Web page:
Last week, my daughter Maggie and I had an Open House for our joint art show Abstract Ecology. We decided to interview each other about what we learned.
What message did you want to get across with your art in the show? And did you feel you did?
During the art show, I wanted to get across a message of inspiring conservation action and spreading awareness for different species in our backyard. This illustration series focusing on Midwest flora and fauna is more about spreading awareness to conservation in our own backyard and I think people are going to have a newfound appreciation for species that they see every day. Making those personal connections makes the art pieces more effective.
My mission is to encourage creativity in all of its forms. I started my Every Day Project to bring creativity into my daily life in a consistent way. My hope is that seeing my art may get people thinking about how they can use self expression as a tool for joy in their lives. I set up my Every Day Project to reduce analysis paralysis. I explained how every 25 days I start a new series with a color palette and design parameters. Using these guidelines reduce my decision fatigue. Studio time is all about playing with the parameters and testing the limits of the designs all while using unusual color combinations. This makes it fun. If it is not fun you will not want to do it every day. I am so grateful people got this idea of create more and stress less.
What is one of the benefits of having an Open House for an art show?
One of the benefits is that so often when you look at your art, you notice more of what you need to work on and continue to develop as an artist. When you talk to other people who are seeing your art for the first time, you're able to see with a new perspective and appreciation for your own art. You realize that your art looks better than you thought. You can look past the flaws when you see your art through someone else looking at it and talking about it.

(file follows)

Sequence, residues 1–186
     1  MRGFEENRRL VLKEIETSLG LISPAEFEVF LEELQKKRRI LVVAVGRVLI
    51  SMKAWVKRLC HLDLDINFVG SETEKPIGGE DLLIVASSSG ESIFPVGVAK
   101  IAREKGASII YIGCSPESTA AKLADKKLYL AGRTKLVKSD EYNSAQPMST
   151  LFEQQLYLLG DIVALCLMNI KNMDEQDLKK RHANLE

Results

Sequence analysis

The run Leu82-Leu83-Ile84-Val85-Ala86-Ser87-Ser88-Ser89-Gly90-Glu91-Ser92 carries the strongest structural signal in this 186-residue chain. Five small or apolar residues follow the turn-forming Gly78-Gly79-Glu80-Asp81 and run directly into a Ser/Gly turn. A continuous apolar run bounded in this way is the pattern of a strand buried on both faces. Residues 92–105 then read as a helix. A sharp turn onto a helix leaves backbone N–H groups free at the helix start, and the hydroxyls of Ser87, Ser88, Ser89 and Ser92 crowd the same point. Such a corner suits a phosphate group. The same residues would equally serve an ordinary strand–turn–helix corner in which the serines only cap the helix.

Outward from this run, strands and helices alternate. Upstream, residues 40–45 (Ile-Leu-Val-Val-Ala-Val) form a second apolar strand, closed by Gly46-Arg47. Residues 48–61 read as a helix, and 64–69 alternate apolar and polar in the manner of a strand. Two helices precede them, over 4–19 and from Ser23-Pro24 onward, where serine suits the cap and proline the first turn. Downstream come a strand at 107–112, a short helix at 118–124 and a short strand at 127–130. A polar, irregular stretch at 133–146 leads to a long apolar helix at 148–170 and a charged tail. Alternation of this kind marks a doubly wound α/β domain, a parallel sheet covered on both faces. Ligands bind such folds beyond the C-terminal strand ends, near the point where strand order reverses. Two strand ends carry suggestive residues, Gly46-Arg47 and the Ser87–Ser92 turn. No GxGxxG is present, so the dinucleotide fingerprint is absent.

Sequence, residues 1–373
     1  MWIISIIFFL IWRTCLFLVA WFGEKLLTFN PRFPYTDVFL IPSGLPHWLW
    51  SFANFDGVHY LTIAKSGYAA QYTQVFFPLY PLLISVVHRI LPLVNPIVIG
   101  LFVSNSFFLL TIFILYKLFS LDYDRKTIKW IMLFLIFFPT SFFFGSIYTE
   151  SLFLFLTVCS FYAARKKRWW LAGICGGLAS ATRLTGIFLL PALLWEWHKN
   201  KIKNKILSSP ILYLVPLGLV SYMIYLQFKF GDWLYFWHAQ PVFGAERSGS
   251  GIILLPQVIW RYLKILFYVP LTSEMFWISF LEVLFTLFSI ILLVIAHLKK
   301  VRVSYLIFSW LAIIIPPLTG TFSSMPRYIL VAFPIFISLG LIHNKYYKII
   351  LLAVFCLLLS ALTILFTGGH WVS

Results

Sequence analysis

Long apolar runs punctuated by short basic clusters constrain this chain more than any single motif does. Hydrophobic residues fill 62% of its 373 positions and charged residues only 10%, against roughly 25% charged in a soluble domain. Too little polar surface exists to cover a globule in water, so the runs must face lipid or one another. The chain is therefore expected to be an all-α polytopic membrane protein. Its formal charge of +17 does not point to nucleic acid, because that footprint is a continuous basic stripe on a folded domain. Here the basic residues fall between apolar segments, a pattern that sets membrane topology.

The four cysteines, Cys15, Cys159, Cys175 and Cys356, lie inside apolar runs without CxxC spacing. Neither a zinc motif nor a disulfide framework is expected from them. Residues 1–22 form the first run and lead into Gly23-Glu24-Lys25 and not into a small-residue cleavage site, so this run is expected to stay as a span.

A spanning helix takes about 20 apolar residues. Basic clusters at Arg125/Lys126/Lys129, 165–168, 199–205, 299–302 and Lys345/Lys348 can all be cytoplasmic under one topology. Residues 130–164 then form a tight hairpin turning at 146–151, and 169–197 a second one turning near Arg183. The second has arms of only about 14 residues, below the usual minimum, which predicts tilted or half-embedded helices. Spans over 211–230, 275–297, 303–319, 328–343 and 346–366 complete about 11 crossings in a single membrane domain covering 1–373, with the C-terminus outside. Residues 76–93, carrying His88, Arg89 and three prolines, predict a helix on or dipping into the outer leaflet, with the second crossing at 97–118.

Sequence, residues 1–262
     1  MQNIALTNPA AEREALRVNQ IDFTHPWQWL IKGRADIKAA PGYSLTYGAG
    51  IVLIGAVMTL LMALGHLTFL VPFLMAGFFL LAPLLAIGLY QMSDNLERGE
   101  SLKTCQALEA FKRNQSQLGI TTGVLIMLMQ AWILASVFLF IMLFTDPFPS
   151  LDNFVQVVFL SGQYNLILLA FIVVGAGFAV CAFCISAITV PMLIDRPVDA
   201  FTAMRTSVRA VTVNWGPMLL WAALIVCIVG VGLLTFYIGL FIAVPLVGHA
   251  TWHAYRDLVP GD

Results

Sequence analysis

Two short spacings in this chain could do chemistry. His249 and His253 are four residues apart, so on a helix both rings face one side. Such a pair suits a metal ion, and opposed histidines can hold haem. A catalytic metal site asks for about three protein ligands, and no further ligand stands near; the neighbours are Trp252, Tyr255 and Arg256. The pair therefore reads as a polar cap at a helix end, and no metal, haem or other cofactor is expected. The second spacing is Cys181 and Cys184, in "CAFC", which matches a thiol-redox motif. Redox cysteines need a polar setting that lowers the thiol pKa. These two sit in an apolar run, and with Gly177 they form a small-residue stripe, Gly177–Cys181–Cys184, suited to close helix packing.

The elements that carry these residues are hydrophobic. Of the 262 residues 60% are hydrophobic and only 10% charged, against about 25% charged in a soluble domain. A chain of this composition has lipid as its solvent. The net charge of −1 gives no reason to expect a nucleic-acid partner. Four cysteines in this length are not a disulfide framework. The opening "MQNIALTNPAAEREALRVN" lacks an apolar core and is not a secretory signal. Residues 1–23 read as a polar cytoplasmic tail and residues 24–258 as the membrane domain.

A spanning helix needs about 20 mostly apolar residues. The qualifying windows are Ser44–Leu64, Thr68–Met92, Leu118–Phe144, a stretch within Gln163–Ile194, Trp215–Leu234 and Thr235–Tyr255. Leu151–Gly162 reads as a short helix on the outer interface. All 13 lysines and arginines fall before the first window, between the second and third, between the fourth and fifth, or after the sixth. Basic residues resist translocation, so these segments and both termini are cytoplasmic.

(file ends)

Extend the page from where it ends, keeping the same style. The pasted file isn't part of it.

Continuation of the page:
Similar to Maggie, it helps to see your art from another perspective. When you create your art you're in your own world doing your own thing. You're absolutely familiar with your process. When I was talking to people viewing my art there were comments like "Your lines are so straight" or "Everything is just so flat and precise." In my mind, I know I follow the walking foot edge on my sewing machine for a straight line and I use my trusty steam iron on every seam to have the fabric lay as flat as possible. The Open House allowed me to talk about my process as well as my vision of having the pieces look as flat as possible to really make the lines formed by my designs stand out. It made me think about the connection between people drawing, mark-making and using lines and how it compares to using lines in my fabric art with the intersection between two colors of fabric.
What surprised you?
I was surprised by the personal connection people had to my artwork because so many people relate to birds as a charismatic animal. I look at it from a conservation perspective that it is strategic to highlight birds because it's an easy gateway animal to encourage people to also care about more obscure animals. Many of the attendees had interesting personal stories of their first time seeing a great blue heron or that they've never noticed the goldfinch flight pattern being undulating. Now they always will notice that. So I think I was surprised by the personal connection people had to the art and this made it even more meaningful for me.
I was happy and surprised when people read the titles of my six 25 Day Pieces, they understood the design. When I explained how the design parameters are reflected in the title of each piece, they were able to see the specific design as reflecting the mountains, water or fire, etc.
People were very quick to tell me their favorite. I would say the collaboration pieces had the most responses. I needed to explain the technology of printing an image on fabric in my home printer. At first people thought Maggie replicated the drawing by hand on the fabric. So that amazed people. But I think adding the fine detail of the print and then the fabric color surrounding it was just spot on perfect.
I want to thank one of my Instagram friends, Jen Broemel @highfiveandsilverlines for her question about how we were going to collaborate when she saw Maggie and I were having a joint Art Show. This got me thinking and led me to the printed fabric idea of the print surrounded by fabric art design. So thanks, Jen.
We both set up redbubble accounts. They do such a good job of printing and we are happy to have them print our art on 30 plus different items.
Here is Maggie's shop.
Here is Kathleen's shop.